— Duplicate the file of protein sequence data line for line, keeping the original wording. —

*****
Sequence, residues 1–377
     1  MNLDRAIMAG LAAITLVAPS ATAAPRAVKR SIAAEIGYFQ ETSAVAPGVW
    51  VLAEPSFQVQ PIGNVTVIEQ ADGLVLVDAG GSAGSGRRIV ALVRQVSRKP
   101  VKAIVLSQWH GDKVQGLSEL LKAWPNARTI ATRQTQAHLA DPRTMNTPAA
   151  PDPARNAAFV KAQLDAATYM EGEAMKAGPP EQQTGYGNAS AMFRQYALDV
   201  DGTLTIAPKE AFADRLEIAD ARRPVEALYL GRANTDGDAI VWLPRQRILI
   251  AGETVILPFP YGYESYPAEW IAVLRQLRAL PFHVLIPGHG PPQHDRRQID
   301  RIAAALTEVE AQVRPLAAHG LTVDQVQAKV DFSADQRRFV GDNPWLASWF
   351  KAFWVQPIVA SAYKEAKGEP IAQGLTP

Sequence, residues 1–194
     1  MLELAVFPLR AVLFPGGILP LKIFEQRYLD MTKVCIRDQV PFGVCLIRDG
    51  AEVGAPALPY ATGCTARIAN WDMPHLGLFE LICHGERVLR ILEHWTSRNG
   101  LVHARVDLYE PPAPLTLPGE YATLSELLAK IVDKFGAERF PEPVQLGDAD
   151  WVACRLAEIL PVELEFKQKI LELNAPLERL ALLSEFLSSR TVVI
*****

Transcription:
Sequence, residues 1–377
     1  MNLDRAIMAG LAAITLVAPS ATAAPRAVKR SIAAEIGYFQ ETSAVAPGVW
    51  VLAEPSFQVQ PIGNVTVIEQ ADGLVLVDAG GSAGSGRRIV ALVRQVSRKP
   101  VKAIVLSQWH GDKVQGLSEL LKAWPNARTI ATRQTQAHLA DPRTMNTPAA
   151  PDPARNAAFV KAQLDAATYM EGEAMKAGPP EQQTGYGNAS AMFRQYALDV
   201  DGTLTIAPKE AFADRLEIAD ARRPVEALYL GRANTDGDAI VWLPRQRILI
   251  AGETVILPFP YGYESYPAEW IAVLRQLRAL PFHVLIPGHG PPQHDRRQID
   301  RIAAALTEVE AQVRPLAAHG LTVDQVQAKV DFSADQRRFV GDNPWLASWF
   351  KAFWVQPIVA SAYKEAKGEP IAQGLTP

Sequence, residues 1–194
     1  MLELAVFPLR AVLFPGGILP LKIFEQRYLD MTKVCIRDQV PFGVCLIRDG
    51  AEVGAPALPY ATGCTARIAN WDMPHLGLFE LICHGERVLR ILEHWTSRNG
   101  LVHARVDLYE PPAPLTLPGE YATLSELLAK IVDKFGAERF PEPVQLGDAD
   151  WVACRLAEIL PVELEFKQKI LELNAPLERL ALLSEFLSSR TVVI